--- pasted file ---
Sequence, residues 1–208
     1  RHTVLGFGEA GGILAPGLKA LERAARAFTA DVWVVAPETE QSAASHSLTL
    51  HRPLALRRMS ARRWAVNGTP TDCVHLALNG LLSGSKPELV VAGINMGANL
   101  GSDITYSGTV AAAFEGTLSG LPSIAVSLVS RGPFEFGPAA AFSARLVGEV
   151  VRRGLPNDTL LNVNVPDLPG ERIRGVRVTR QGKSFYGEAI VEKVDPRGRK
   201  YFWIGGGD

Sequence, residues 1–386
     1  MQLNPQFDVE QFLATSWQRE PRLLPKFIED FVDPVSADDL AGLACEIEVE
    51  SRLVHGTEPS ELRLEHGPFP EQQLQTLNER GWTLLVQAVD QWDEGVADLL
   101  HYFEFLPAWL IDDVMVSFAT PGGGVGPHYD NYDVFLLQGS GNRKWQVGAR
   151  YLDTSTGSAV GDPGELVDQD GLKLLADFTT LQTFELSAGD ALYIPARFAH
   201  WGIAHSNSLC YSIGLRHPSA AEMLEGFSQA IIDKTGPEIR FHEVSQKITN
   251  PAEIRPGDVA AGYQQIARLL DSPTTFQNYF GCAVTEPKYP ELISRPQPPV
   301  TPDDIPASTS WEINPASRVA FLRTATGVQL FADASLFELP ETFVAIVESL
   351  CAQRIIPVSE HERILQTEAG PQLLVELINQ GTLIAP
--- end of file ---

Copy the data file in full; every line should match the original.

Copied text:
Sequence, residues 1–208
     1  RHTVLGFGEA GGILAPGLKA LERAARAFTA DVWVVAPETE QSAASHSLTL
    51  HRPLALRRMS ARRWAVNGTP TDCVHLALNG LLSGSKPELV VAGINMGANL
   101  GSDITYSGTV AAAFEGTLSG LPSIAVSLVS RGPFEFGPAA AFSARLVGEV
   151  VRRGLPNDTL LNVNVPDLPG ERIRGVRVTR QGKSFYGEAI VEKVDPRGRK
   201  YFWIGGGD

Sequence, residues 1–386
     1  MQLNPQFDVE QFLATSWQRE PRLLPKFIED FVDPVSADDL AGLACEIEVE
    51  SRLVHGTEPS ELRLEHGPFP EQQLQTLNER GWTLLVQAVD QWDEGVADLL
   101  HYFEFLPAWL IDDVMVSFAT PGGGVGPHYD NYDVFLLQGS GNRKWQVGAR
   151  YLDTSTGSAV GDPGELVDQD GLKLLADFTT LQTFELSAGD ALYIPARFAH
   201  WGIAHSNSLC YSIGLRHPSA AEMLEGFSQA IIDKTGPEIR FHEVSQKITN
   251  PAEIRPGDVA AGYQQIARLL DSPTTFQNYF GCAVTEPKYP ELISRPQPPV
   301  TPDDIPASTS WEINPASRVA FLRTATGVQL FADASLFELP ETFVAIVESL
   351  CAQRIIPVSE HERILQTEAG PQLLVELINQ GTLIAP